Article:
Seventy-year-old Will Gillon has lived a life of contrasts.
By day, the former public school music teacher would stand before curved rows of young musicians, raise both arms and conduct the squeaks and honks he heard into some semblance of a melody.
By night, he would steal away with his saxophone to blow notes in the smoky jazz clubs throughout Charlotte.
As a youth he would practice eight, 10, sometimes 12 hours a day. Once, a bleary-eyed neighbor working the third shift called Gillon's mother to ask if the young saxophonist could please take a break so he could sleep.
Never miss a local story.
As an adult, his fingers haven't taken their familiar places on the keys in nearly 15 years. An accident causing nerve damage to his little finger has kept him from sounding the way he remembers in his prime.
"Playing was my love," Gillon said. "That's all I wanted to do."
He realized this when he was a new student of music, taking up the clarinet at Centerview School in Kannapolis in the 1940s.
Like ending a first crush for a true love, he left the clarinet for the saxophone. "It started out of necessity," he said. "I wanted to play the jazz."
To join The Swingsters, the school jazz band at A.L. Brown High School, musicians needed to play saxophone.
This was the instrument that would lead Gillon to a once-in-a-lifetime opportunity. After graduating with a music degree from East Carolina College, which is now East Carolina University, he landed an audition with The Glenn Miller Orchestra.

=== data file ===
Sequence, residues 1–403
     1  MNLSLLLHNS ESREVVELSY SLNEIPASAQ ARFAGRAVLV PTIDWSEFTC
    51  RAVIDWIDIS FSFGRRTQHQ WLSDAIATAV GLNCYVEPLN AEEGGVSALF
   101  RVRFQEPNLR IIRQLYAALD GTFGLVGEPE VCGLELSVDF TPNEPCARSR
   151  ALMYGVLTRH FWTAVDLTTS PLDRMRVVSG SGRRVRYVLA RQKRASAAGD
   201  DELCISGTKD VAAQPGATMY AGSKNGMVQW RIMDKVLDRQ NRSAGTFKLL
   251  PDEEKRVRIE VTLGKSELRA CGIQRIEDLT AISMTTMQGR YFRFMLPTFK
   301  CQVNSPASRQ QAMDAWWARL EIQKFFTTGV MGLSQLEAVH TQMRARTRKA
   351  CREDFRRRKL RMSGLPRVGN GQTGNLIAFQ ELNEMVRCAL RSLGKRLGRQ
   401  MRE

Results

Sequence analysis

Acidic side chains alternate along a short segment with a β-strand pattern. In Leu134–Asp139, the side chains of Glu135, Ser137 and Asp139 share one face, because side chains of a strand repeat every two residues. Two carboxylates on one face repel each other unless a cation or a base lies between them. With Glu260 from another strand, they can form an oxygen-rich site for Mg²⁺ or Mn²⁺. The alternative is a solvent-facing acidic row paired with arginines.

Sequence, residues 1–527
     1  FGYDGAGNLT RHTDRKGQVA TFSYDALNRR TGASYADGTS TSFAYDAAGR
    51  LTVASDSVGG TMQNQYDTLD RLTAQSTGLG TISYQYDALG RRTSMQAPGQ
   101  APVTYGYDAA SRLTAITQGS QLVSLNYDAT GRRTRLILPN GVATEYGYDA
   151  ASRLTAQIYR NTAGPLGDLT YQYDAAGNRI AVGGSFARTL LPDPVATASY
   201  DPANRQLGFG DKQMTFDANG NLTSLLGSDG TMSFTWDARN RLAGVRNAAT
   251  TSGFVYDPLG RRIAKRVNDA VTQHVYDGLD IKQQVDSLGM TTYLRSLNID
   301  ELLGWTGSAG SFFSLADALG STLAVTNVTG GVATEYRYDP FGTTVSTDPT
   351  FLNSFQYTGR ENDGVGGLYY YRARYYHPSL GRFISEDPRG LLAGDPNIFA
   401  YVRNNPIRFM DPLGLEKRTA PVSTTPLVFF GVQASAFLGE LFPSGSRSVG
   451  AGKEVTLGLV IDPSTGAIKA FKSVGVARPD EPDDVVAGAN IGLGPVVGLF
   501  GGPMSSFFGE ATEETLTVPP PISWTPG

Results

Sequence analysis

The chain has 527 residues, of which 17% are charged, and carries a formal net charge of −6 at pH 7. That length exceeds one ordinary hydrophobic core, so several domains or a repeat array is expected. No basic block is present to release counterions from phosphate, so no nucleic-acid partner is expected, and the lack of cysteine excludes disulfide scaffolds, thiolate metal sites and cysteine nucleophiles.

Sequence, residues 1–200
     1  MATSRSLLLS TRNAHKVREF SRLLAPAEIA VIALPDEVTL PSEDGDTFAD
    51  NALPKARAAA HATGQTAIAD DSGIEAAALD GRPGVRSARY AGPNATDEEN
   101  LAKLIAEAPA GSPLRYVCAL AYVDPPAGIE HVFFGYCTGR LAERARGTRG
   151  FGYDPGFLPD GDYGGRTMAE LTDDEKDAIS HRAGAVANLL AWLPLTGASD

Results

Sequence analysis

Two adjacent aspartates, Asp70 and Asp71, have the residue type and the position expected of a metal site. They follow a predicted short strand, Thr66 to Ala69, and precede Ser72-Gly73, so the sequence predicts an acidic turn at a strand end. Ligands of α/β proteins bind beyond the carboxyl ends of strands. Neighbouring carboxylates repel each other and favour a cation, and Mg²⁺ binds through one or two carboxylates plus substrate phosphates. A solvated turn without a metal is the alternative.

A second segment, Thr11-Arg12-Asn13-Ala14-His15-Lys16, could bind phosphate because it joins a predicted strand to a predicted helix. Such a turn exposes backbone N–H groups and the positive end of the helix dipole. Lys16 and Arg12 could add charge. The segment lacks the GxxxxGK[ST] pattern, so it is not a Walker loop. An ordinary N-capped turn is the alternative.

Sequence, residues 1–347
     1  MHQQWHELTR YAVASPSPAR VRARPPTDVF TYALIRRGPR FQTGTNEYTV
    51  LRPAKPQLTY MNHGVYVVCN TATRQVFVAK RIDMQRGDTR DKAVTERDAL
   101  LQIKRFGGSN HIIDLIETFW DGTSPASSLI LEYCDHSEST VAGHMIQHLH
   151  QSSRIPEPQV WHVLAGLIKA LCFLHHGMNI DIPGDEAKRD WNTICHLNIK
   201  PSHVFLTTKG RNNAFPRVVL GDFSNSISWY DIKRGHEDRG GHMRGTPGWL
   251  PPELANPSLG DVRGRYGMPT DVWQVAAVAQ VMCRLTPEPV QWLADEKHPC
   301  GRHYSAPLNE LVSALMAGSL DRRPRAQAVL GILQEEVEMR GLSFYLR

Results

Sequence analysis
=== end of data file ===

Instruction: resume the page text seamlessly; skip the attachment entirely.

The well-known band, started by its namesake in the 1930s was one of the leading big bands of the swing jazz era that swept across the country.
Acing the audition, Gillon was offered the first alto saxophone position on the spot and given his wardrobe, two powder-blue shirts and coats and two pairs of black slacks. The blue color served a unique purpose in the days of black-and-white television.
"The blue was whiter on television than white," he said.
From 1964 to 1967, anytime The Glenn Miller Orchestra performed on shows hosted by Johnny Carson, Jackie Gleason and Mike Douglas, Gillon was there.
His wife, Anne, stayed in North Carolina and met him during the band's frequent dates in New York City.
"I played with them all over the country, living the dream I had had since high school."
Gillon continued playing after his first son, Jay, was born in 1965 but decided to make a change upon the arrival of his second son, Jeff, in 1967.
"When he was born, I came home to be a father and a husband like I should be," he said.
From then on, the professional saxophonist taught elementary school music in Charlotte, introducing students to their instruments and teaching their first lessons.
"I started thousands of students," he said.
But he never stopped playing himself.
So in 1967, local jazz clubs began hearing the familiar saxophone player once again.
Gillon retired from teaching in 1993 and continued playing his saxophone until 1996, when a restaurant chair he was sitting on collapsed, sending him hard to the floor, permanently damaging his finger.
Now, every Thursday Gillon can be found practicing with the Singing Seniors, a group of retirees in Concord who perform locally. Forced to set down one instrument, he has picked up another and plans to continue making music for years to come.